Biological materials such as silk and cellulose are typically highly responsive to humidity (27). We characterized 1:2 w:w CBM-ADF3-CBM:CNF and CNF-only fibers at 20 and 80% relative humidity (RH) (fig. S8). Increasing the water content (to 80% RH) had a plasticizing effect, whereas decreasing the water content (to 20% RH) had a stiffening effect.

To obtain insight into the effect of the infiltrated coacervates in CNF/protein nanocomposite fibers, we used high-magnification scanning electron microscopy (SEM) to image fracture surfaces. Comparing the different fibers suggested qualitative differences between samples. Fibers consisting of CNF alone showed surfaces that were irregular and having voids, suggesting pullout of bundles of fibers (Fig. 4A and fig. S9). The coacervate-infiltrated fibers with triblock spidroin proteins showed surfaces that appeared denser and having smaller regions of pullout. The reference mono- and diblock proteins with CBM, double CBM, and CBM-eADF3 showed fracture surfaces similar to the CNF-only samples. High magnification of fibrils in the fracture surfaces (Fig. 4B) shows that the fractured tips of individual fibers are rounded, often having a curled structure. These rounded tips are found in all samples but to a much higher extent in the triblock spidroin-infiltrated ones.

Fig. 4 SEM fractography of the fibers.

(A) Fracture cross section of the fibers after tensile measurement testing. Samples with the triblock proteins CBM-eADF3-CBM and CBM-ADF3-CBM show surfaces with less tear-out than other samples. (B) High-magnification images of fracture surfaces of the CNF control, CBM-CBM and CNF, and CBM-eADF3-CBM and CNF composite fibers. At this magnification, the fibril tips of the CBM-eADF3-CBM show distinguishable rounded tips and tight bundles with blunt ends.


Silk-like proteins and flow alignment of CNF proved to be an efficient combination to obtain biopolymeric composites. The biomimetic goal of increasing strength, stiffness, and toughness by choice of a matrix component was achieved (3). For realizing this goal, we considered carefully the protein that we used, the structural assembly of CNF in the composite, and processing methods.

As a starting point for the choice of proteins, we knew from previous studies that fusion proteins containing CBMs can be used for cross-linking CNF materials, leading to stiffer materials and increased yield points (28). However, materials made in this way are generally brittle, as the cross-linking does not provide toughening mechanisms. The same observation was reproduced in the current study for all proteins except the two variants of the triblock protein CBM-ADF3-CBM containing a middle spider silk block (Fig. 2, C to E). The variant eADF that lacked CBMs did not lead to continuous fibers, showing the essential role of anchoring proteins by CBMs. The CBM-ADF3-CBM functioned in a fundamentally different way compared to other variants. We previously showed that this protein can be used as an adhesive to glue sheets of cellulose together, giving high toughness during mechanical testing (18). This is interesting because high toughness is a characteristic property of natural spider silk proteins (29). We found that the toughness provided by CBM-ADF3-CBM was connected to the way it was assembled. Only if the protein first had undergone a phase separation leading to a condensed coacervate phase could toughness be achieved. We ascribed this property to interactions formed between protein chains during the phase separation step, leading to multiple interaction points between chains. This observation is in line with many previous studies on protein material assembly, emphasizing the importance of achieving high protein concentrations and stepwise formation of interactions through coacervation (19). In addition, coacervates have properties such as a high solubility of protein, low surface energy, and low viscosity that lead to good adhesiveness and easy infiltration of the coacervates into porous structures (17).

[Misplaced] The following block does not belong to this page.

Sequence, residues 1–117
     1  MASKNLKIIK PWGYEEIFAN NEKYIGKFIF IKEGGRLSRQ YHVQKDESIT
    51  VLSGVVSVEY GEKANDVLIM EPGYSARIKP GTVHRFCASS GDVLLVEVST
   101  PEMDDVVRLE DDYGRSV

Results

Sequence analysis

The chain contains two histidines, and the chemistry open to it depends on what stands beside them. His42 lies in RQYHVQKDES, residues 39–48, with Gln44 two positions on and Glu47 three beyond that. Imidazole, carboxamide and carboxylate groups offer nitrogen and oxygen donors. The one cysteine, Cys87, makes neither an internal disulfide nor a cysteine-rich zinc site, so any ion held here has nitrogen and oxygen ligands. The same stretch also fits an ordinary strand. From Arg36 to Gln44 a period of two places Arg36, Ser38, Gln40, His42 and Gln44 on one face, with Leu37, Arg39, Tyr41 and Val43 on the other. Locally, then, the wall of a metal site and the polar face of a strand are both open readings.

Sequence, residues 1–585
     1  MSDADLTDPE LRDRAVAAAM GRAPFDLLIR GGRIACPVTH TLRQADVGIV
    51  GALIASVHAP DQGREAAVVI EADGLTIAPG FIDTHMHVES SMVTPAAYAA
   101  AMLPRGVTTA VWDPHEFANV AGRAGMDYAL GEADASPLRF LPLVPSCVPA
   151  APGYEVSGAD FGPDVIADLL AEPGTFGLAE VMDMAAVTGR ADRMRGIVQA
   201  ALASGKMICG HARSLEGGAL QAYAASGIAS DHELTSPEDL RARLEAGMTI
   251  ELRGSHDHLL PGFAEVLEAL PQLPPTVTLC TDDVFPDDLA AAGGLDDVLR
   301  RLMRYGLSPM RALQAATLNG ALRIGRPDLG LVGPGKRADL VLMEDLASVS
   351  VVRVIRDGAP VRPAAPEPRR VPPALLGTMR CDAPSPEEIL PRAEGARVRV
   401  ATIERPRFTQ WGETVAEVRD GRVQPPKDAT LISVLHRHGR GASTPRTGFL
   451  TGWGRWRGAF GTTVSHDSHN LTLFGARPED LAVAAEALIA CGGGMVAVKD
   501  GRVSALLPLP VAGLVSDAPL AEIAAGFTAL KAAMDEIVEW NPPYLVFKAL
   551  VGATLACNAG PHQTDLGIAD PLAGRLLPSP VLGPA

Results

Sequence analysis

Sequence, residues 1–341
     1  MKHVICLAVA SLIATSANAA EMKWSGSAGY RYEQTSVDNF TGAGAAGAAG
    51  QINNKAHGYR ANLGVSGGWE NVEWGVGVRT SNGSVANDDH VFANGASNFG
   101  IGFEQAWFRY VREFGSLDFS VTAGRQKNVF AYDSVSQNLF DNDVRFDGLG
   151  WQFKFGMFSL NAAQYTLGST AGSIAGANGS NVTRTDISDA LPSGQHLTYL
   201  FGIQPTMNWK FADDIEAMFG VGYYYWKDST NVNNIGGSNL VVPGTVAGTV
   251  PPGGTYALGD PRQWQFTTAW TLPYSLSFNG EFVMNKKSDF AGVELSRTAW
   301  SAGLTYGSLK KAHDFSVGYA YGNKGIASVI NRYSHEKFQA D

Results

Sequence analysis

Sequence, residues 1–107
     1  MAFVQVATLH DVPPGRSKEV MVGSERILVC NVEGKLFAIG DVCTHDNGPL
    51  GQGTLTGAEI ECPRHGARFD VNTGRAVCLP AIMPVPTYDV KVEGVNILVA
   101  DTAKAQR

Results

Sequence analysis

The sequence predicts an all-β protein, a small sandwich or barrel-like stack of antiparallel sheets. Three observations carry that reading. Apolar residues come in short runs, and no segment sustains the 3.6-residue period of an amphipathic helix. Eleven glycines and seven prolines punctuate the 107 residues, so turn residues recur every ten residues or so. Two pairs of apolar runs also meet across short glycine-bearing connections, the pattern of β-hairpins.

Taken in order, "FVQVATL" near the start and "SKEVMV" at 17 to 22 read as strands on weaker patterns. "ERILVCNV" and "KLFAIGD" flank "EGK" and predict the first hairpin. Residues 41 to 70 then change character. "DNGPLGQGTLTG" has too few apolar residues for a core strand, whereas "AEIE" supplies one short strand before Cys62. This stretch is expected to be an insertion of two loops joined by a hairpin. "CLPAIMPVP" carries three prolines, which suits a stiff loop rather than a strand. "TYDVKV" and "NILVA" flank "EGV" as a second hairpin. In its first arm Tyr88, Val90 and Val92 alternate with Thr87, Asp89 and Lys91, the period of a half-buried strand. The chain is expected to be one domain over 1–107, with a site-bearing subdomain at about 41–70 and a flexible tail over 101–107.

Here, we showed that CBM-ADF3-CBM provided a route to making composites with highly tunable properties including higher stiffness without the typically accompanying brittleness. The properties were explored experimentally by using different mixing ratios of CBM-ADF3-CBM and CNF (Fig. 2 and fig. S4). A high stiffness of 35 ± 6.3 GPa was achieved with a twofold weight excess of CBM-ADF3-CBM over CNF. This is interesting because the stiffness is higher than observed for native spider silks and recombinant versions (10, 30, 31). However, the high stiffness led to reduced toughness, demonstrating the commonly observed conflict between stiffness and toughness (3). On the other hand, we could reach a combination of toughness, strength, and stiffness using a twofold excess of CNF over CBM-ADF3-CBM. Because of the significance of this result for biomimetics, we continued to focus further characterization on this combination.

To obtain a deeper understanding of the role of the protein, we studied in detail its behavior during processing. We found that, during processing and assembly, the conformation of the protein changed from a disordered random structure to one high in β sheet structures. This is important because the formation of β sheet structures is associated with a notably reduced molecular mobility (18, 29). Our finding is in line with earlier observations that proteins with Ala-rich sequences with disordered or α helix conformations undergo conformational transitions to β sheet structures over time, most notably in biological silk spinning due to pH change and drying (13, 32). The mechanism of silk assembly is not fully understood, but modeling suggests that the formation of β sheet structures in spider silk is associated with a molecular network formation and, through that, with increased toughness. The β sheets form interlocking regions that transfer mechanical load between protein chains (29). Such a network formation and equalizing load distribution by CBM-ADF3-CBM proteins would explain why it functioned in a fundamentally different way than the other proteins. Increased protein-protein interactions would give a more cohesive matrix with a mechanism for stress transfer. In the setup of experiments in this study, it was our experience that it was not achieving β structures that was challenging, rather it was keeping the protein in the fluid random coil structure until the formation of the composite structure that was the challenge. Prolonged storage of coacervated protein led to precipitations and gelling, rendering samples useless.